Northern Ireland

South Belfast property overvalued by up to £2m, says judge

A south Belfast mansion was overvalued by up to £2m, a High Court judge has ruled.

Mr Justice Weatherup ruled the property in Shaw's Bridge was wrongly assessed as being worth £5m in 2009.

The house should instead have been valued at between £3m and £3.75m, he said.

Aurora Leasing sued the Belfast office of estate agent Colliers, claiming it was negligent with its valuation.

London-based Aurora Leasing lent out almost £1m to businessman Paul Campbell in 2009 to help him purchase Terrace Hill House.

The five-bedroom residence set in grounds was once owned by an unnamed rock star.

After purchasing it Mr Campbell, whose previous business interests included sportswear brand Gaelic Gear, sought to borrow money to start an art dealership.

Defaulted

He agreed the loan with Aurora based on the £5m valuation from Colliers - up from an initial £4.5m estimate in 2008.

The arrangement involved a second mortgage on the mansion acting as security.

Aurora's owner told the court how he felt the deal couldn't go wrong because there was so much equity in the property.

But when Mr Campbell defaulted it turned out to be worth substantially less than the valuation obtained.

By the end of 2009 it was estimated to be worth only half as much, with its value having plunged further since.

With the primary mortgage lender having already secured an order over the £2m said to be owed to it, Aurora was left with little chance of recouping its money from any sale.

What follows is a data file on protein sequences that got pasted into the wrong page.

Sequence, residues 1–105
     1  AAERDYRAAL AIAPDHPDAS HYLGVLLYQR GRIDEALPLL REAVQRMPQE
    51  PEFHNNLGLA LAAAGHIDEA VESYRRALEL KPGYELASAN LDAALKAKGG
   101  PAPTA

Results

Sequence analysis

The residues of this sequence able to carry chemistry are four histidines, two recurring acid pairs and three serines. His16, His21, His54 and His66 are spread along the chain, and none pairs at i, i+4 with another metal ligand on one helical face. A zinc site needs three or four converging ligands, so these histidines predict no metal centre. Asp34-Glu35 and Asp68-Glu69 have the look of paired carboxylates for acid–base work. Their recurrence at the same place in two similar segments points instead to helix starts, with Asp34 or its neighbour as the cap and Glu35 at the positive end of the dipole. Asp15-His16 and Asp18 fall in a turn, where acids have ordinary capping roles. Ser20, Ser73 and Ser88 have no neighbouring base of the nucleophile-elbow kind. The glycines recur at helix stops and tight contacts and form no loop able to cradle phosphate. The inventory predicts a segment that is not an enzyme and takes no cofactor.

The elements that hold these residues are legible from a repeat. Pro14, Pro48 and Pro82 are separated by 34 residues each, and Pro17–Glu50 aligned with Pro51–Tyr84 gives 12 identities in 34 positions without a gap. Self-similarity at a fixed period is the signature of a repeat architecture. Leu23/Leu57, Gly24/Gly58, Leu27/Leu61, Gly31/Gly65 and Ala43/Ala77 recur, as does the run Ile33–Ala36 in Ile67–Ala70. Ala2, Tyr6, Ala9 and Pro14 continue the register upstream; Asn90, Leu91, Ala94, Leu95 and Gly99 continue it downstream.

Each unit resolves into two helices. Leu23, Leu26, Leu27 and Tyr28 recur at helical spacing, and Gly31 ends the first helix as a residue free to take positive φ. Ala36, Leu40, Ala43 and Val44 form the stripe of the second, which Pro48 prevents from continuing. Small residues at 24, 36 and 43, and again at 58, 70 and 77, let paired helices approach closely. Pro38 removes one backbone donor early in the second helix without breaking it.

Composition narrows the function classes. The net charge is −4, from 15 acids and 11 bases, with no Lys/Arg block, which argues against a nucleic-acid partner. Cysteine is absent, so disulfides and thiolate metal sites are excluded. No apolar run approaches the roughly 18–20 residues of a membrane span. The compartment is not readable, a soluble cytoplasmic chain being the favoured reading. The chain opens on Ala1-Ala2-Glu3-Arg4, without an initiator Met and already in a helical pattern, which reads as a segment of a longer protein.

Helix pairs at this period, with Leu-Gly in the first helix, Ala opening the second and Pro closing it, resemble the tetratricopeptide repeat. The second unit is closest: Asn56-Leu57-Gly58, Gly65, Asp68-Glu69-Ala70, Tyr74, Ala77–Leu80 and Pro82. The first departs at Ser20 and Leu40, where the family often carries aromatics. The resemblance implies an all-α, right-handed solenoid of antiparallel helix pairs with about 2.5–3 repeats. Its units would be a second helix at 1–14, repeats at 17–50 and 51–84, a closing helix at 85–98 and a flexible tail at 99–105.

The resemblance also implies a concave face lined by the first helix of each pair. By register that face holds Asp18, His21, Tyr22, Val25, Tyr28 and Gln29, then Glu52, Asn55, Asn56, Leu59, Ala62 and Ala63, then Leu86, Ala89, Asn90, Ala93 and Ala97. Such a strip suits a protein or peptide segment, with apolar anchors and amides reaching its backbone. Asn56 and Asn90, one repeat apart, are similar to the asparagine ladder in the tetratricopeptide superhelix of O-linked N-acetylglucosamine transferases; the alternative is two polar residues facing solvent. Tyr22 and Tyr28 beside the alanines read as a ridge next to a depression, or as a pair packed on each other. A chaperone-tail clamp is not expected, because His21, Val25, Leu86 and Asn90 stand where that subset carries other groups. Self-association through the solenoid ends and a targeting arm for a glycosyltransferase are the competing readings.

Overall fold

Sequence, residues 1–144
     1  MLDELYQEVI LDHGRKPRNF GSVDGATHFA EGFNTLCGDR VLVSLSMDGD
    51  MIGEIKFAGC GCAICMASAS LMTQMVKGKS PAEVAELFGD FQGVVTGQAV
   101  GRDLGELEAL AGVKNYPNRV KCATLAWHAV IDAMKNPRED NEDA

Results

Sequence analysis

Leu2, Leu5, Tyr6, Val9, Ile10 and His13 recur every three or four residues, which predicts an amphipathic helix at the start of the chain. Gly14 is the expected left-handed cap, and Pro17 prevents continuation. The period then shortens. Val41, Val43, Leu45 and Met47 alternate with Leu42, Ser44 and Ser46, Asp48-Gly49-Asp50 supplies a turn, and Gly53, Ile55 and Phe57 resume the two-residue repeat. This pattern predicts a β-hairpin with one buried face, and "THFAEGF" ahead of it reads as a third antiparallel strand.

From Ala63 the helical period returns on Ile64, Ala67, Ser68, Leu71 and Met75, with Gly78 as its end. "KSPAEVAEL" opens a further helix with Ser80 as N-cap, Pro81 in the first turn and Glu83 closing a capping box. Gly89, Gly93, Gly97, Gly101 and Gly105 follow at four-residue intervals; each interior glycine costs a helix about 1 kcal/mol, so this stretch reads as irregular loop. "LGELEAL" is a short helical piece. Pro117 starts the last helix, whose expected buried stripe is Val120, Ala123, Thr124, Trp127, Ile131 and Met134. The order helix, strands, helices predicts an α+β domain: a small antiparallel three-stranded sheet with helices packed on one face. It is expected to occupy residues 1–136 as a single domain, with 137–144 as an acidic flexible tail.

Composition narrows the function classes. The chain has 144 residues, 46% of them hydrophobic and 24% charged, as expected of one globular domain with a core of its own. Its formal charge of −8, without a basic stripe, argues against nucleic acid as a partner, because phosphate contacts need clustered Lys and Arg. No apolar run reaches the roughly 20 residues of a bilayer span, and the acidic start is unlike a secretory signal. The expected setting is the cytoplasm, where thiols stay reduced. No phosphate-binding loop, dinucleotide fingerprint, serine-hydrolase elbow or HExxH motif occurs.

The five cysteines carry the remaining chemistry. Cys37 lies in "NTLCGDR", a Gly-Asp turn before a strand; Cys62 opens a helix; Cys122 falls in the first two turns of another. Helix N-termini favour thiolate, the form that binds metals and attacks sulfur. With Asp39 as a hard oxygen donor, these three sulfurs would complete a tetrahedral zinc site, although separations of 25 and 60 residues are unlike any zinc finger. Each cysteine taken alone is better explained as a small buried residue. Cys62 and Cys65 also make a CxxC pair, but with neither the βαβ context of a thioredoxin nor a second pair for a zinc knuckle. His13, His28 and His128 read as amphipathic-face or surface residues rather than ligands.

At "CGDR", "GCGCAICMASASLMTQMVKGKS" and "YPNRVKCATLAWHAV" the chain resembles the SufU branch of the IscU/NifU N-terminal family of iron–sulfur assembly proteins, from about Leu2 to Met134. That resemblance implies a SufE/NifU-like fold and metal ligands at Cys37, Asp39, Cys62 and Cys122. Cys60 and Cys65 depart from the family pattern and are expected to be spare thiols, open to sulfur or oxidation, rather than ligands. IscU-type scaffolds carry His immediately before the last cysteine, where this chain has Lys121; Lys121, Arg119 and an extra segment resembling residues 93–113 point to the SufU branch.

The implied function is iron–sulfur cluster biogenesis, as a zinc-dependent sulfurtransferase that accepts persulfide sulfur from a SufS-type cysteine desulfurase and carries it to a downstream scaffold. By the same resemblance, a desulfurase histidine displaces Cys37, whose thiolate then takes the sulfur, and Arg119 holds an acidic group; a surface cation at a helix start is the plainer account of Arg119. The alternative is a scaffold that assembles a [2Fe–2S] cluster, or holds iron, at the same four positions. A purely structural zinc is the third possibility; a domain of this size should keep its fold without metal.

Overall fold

Mr Justice Weatherup reached his decision after assessing the worth of a number of comparable homes.

Delivering his judgment, he said the proper value in April 2009, just before the loan was agreed, should have been between £3m and £3.75m.

"It seems to me apparent that the valuation of the property at £5m was a significant overvaluation," he said.

Losses

He pointed out that this figure was maintained in a "falling market".

The judge held that if the £3.75m upper limit assessment had been made at the time Aurora probably would not have gone ahead with the deal because there was not enough "cushion" between the loan and the mansion's value.

Mr Justice Weatherup said: "The loss to the plaintiff in this case seems to be the amount of the loan, which is represented by the overvaluation I conclude to be to the extent of £1.25m to £2m."

The judge ruled Aurora Leasing Ltd can recover losses of more than £900,000, plus costs and interest set at 5%.

However, a 20% reduction was imposed for contributory negligence in ignoring so-called "red flags" around the transaction.

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